Sonic Rhetoric: Aural Terraforming and Sonder

I wanted to resist Michael Bull’s overly simplistic suggestion that we use iPods to recontextualize our worlds into something more experientially desirable than what’s really taking place around us. Annoyed at first by the implication that iPods (and now, I suppose, smartphones at large) are somehow accomplishing a sonic isolationism that Discmans, Walkmans, or personal radios did not, I wanted to dismiss Bull altogether, But I really can’t.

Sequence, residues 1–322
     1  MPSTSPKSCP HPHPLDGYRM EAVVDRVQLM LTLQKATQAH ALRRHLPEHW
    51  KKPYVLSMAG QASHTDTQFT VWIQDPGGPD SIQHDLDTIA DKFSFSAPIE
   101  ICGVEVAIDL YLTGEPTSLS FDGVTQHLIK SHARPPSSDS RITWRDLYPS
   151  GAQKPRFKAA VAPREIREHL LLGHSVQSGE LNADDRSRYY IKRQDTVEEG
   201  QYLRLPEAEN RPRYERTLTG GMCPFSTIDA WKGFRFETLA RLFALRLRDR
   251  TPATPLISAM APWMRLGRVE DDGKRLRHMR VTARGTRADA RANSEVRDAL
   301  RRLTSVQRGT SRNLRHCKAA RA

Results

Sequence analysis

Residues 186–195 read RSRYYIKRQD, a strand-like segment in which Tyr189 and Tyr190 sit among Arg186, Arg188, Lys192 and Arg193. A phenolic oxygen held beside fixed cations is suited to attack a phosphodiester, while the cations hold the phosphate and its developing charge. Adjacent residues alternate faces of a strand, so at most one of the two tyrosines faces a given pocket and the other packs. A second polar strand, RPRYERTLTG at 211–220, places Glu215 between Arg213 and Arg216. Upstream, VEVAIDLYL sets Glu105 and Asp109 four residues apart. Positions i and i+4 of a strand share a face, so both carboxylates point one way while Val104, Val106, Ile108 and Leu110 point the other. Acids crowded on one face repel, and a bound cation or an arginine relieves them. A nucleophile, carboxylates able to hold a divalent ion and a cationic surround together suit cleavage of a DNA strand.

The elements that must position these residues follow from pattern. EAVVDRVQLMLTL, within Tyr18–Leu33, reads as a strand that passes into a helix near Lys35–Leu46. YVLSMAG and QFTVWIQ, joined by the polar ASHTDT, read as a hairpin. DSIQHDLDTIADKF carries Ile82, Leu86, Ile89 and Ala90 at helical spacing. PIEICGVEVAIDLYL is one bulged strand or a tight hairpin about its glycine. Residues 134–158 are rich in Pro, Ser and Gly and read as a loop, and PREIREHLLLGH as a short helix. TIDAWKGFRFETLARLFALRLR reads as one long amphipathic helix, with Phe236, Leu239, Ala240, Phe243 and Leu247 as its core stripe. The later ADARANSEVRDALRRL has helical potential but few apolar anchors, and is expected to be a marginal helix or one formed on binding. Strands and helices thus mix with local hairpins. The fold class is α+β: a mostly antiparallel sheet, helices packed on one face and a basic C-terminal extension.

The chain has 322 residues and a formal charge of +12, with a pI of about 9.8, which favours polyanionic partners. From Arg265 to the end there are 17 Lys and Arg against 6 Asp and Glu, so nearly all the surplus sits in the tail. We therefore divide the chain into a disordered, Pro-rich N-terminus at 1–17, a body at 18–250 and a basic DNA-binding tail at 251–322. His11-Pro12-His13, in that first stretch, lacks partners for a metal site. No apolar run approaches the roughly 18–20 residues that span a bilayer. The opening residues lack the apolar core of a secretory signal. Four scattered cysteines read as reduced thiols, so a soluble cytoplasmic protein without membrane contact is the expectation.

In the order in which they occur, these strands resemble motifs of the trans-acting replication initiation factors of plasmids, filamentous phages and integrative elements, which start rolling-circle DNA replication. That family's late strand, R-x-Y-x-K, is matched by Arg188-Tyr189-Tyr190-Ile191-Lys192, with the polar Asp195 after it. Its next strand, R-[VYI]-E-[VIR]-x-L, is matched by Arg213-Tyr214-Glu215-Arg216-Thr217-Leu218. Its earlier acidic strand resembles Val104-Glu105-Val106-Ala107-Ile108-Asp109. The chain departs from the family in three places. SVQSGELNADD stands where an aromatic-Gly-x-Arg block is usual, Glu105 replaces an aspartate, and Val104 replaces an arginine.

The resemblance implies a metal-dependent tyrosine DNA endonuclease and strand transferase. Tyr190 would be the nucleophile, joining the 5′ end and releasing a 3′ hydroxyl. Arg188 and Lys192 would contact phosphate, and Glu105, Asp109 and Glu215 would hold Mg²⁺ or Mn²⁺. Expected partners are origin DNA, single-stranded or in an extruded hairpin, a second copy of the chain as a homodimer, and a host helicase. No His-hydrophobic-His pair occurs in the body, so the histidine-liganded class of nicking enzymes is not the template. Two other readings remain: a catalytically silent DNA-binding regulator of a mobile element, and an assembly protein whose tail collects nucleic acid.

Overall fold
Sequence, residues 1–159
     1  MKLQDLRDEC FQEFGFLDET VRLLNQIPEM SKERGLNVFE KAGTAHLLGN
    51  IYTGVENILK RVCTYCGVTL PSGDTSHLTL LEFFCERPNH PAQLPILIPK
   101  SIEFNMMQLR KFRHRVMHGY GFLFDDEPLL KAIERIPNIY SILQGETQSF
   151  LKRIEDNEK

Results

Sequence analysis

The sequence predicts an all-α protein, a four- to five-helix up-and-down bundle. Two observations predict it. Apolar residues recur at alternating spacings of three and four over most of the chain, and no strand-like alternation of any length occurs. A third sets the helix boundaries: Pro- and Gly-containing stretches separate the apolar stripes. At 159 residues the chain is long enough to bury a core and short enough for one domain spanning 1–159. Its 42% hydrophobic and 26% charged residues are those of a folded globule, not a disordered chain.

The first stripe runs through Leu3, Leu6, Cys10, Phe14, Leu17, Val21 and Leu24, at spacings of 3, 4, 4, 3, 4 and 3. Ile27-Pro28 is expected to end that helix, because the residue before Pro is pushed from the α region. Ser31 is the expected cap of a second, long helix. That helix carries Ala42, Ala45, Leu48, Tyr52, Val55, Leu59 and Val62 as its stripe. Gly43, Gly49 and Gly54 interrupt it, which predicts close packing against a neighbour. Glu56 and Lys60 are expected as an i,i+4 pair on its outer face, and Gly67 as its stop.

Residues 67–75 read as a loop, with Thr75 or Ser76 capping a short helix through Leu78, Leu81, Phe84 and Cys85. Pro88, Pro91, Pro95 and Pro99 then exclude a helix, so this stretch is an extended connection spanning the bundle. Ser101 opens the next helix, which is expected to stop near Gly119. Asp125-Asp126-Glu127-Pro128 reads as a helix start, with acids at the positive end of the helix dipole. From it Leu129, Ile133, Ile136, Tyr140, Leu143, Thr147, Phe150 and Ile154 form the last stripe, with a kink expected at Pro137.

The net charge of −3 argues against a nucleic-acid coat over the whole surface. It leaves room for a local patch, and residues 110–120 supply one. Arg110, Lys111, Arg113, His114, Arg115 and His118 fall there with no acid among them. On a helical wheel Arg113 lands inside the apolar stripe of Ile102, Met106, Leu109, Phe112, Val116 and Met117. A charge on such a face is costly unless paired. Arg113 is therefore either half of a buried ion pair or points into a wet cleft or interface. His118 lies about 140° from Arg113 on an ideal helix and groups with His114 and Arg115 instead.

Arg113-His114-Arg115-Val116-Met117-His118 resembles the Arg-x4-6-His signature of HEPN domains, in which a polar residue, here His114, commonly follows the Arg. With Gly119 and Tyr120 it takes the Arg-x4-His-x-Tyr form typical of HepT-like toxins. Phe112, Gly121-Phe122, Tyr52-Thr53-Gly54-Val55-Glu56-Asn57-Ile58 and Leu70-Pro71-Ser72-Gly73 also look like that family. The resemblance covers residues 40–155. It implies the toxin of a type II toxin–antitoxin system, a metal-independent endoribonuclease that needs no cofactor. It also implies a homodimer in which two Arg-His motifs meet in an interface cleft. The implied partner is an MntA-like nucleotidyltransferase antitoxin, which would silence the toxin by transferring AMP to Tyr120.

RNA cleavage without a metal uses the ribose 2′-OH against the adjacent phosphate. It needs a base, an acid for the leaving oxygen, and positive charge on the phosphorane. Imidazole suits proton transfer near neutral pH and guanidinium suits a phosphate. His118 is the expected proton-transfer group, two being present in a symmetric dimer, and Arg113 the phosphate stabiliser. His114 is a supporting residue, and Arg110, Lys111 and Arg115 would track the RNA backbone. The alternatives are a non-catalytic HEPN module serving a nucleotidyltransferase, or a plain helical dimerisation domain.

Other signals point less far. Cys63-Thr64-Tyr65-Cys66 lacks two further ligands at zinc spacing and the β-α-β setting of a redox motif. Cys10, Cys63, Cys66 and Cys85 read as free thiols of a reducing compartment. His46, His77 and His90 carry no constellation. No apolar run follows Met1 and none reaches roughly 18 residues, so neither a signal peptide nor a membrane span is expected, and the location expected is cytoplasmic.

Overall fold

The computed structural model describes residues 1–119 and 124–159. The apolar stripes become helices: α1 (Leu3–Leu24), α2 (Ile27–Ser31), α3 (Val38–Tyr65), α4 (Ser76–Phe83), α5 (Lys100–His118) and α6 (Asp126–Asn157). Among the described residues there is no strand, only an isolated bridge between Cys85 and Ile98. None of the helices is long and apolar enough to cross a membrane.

Early on, Bull very nearly attributes a willful choice where there likely isn’t, or at least not one made consciously: “iPod users aim to create a privatised sound world, which is in harmony with their mood, orientation and surroundings, enabling them to respatialise urban experiences through a process of solipsistic aestheticisation. iPod users aim to habitually create an aesthetically pleasing urban world for themselves as a constituent part of their everyday life” (199). While I still resist Bull’s implication of grand intent, I acknowledge this passive act of privatized soundscapes evident in the personal narratives of iPod users. I realize that I too have experienced moments where privately-consumed music has converged with the world I view around me to give each a significance unattainable without the influence of the other. A moment I recall particularly well was almost too perfect: while listening to R.E.M.’s Automatic for the People while working in a café, I just happened to observe a perfect stranger look up from their phone in frustration, presumably having read something greatly distressing, and close their eyes in an entirely relatable effort to collect their temper. As if Michael Stipe was speaking directly to that moment, the lyrics of “Everybody Hurts” rang through my earbuds, inducing an almost tangible sense of sonder: the occasional moments of clarity we experience in which we are acutely aware that the background characters in our lives have lives every bit as complex, interwoven, and important as our own. While I don’t think that we are often deliberate in Bull’s posited act of aural terraforming – and I certainly have no idea why this would be any more pronounced in urban life than elsewhere – our music does inform the soundscapes we inhabit.


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